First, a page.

The lesson that I can’t afford to lose in this winter of routines is clear. I’m doing these things for a reason. I need to remember not to forget that or I really will wind up just walking aimlessly around in circles.

After reading the news this morning I felt that the politicians in Washington, D.C. need to remember that lesson too.

We seem to have entered into some sort of national winter. The political climate in America these days is decidedly mixed. We’re hoping on one hand that winter will soon be over and that a spring of national and international hope is going to be re-born in a month or so. While that’s going on, though, we also seem to have forgotten how this winter descended upon us. We’ve forgotten to remember. We’re so caught up in our routines that we’re just spinning our wheels. For some of us the routine is “Hate George Bush.” For some it’s political opportunism. For some it’s finding the Pulitzer Prize story. For some it’s just forgetting about the mess we’re in. For some it’s taking advantage of the mess we’re in. We’ve settled into our routines, in much the same way the grey panthers and I do as we make our way around the recreation center track.

No one seems to be immune. Just a few days ago the Bush administration gave us a clear demonstration of just how much we’ve forgotten since this national winter set in. Six of our most vital seaports, which are already extremely vulnerable, have been sold to a company in the United Arab Emirates. The administration is trying to put the best possible spin on the deal. Michael Chertoff, our Homeland Security Secretary, is telling us that the deal has been reviewed. Upon reading the Secretary’s words of comfort I wondered exactly what he meant by saying the deal “has been reviewed,” so I did some checking. I went straight to the horse’s mouth, the Committee on Foreign Investment in the United States. According to this group of wizards their task is to determine whether or not the sale of a U.S. interest to a foreign corporation or entity is safe. Apparently they felt that the sale of six U.S. ports to a corporation in the United Arab Emirates met our current national security requirements. What did they consider?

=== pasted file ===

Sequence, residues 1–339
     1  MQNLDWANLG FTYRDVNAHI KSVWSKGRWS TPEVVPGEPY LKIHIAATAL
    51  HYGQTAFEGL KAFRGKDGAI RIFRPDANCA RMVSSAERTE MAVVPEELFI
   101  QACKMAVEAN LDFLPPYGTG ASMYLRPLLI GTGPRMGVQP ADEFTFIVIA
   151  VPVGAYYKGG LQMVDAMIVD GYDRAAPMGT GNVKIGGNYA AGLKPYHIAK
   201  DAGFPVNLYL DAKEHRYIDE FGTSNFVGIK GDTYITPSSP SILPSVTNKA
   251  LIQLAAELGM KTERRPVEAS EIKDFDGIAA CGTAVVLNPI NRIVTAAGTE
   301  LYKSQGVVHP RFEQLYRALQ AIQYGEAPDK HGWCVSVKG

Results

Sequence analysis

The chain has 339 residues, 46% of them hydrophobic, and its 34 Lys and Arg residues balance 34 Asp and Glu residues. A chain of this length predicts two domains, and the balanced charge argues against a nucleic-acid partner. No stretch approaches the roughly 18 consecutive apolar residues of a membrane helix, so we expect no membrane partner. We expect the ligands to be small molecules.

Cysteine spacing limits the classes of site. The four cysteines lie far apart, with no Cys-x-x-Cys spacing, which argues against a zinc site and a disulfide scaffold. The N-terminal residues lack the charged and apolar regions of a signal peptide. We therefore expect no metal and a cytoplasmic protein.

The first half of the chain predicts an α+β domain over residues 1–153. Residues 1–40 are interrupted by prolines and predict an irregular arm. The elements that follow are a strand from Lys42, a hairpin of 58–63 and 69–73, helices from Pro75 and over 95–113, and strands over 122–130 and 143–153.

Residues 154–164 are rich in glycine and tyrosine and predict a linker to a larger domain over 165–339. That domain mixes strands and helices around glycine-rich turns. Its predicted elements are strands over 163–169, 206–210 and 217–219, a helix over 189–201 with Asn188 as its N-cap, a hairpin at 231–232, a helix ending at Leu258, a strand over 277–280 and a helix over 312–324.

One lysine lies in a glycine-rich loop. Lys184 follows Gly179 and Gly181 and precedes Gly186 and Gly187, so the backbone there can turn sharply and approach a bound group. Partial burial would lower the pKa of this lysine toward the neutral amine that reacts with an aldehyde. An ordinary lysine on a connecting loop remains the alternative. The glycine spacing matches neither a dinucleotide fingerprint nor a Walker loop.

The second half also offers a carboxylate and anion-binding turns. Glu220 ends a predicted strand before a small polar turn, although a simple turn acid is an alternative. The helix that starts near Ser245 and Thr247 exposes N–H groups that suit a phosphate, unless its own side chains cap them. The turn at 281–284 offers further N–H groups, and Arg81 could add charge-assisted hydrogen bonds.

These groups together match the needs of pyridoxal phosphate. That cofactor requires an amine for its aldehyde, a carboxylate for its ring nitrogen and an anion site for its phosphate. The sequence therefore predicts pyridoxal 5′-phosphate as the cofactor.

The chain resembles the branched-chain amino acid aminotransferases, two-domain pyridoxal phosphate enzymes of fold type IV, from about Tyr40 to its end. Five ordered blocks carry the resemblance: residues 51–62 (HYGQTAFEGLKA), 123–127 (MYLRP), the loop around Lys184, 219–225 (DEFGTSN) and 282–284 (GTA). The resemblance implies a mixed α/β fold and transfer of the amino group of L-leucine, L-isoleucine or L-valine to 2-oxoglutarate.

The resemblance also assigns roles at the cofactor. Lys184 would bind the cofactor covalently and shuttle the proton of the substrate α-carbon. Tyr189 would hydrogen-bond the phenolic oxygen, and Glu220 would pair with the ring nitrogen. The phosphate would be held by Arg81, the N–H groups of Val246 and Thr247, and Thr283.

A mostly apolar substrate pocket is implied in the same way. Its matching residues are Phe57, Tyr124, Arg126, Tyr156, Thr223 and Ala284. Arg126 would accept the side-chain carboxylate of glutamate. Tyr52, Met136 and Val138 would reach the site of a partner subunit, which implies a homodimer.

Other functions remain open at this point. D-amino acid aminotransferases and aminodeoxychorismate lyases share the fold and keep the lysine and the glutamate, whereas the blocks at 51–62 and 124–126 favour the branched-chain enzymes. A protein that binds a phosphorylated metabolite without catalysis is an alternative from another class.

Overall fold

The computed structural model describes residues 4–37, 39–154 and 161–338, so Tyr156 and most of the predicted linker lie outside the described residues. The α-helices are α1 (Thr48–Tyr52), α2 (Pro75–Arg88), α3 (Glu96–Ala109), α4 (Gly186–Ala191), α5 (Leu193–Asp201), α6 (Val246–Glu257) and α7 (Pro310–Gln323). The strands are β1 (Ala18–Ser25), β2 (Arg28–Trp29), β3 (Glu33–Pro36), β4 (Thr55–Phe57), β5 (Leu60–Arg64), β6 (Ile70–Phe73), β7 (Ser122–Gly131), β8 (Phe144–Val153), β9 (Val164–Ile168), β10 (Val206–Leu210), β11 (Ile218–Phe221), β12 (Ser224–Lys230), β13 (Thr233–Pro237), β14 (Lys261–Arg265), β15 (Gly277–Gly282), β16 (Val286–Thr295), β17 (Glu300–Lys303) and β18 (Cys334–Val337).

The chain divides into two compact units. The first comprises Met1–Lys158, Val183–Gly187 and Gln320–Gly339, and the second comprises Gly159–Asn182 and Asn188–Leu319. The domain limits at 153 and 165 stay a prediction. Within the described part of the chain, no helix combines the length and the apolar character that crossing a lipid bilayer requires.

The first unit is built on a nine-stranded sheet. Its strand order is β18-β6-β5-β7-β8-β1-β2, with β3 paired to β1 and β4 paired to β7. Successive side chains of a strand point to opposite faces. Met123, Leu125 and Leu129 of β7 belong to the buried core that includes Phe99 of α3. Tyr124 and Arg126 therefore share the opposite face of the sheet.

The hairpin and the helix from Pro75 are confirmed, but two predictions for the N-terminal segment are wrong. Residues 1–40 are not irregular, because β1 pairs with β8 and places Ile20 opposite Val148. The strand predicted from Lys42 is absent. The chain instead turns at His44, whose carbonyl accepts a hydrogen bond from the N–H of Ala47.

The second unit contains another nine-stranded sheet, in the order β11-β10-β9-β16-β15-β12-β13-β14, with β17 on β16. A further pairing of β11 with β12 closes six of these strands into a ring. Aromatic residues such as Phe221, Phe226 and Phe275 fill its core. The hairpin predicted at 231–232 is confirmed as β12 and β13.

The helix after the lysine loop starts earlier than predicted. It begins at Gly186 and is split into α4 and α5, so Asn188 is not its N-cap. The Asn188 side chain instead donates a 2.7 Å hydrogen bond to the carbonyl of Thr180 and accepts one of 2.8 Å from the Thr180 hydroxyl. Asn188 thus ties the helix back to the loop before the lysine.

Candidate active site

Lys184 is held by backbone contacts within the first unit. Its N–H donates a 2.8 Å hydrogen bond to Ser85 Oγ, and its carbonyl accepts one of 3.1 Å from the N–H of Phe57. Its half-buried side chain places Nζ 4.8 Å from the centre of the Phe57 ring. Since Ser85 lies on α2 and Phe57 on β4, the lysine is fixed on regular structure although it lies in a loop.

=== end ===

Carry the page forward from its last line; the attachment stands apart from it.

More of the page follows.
“The Exon-Florio provision lists the following factors that the President or his designee may consider in determining the effects of a foreign acquisition on national security. These factors are:
(1) domestic production needed for projected national defense requirements;
(2) the capability and capacity of domestic industries to meet national defense requirements, including the availability of human resources, products, technology, materials, and other supplies and services;
(3) the control of domestic industries and commercial activity by foreign citizens as it affects the capability and capacity of the U.S. to meet the requirements of national security;
(4) the potential effects of the transaction on the sales of military goods, equipment, or technology to a country that supports terrorism or proliferates missile technology or chemical and biological weapons; and
(5) the potential effects of the transaction on U.S. technological leadership in areas affecting U.S. national security.”

How long did it take them to reach the conclusion that this sale was good for our national security? Thirty to forty-five days, or ninety days at most!

Brilliant! Absolutely brilliant! We’re in the middle of a national winter and the Bush administration is ready to sell our security to the highest bidder. And, what’s worse, the President is now vowing to veto any attempt by the Congress to block the deal.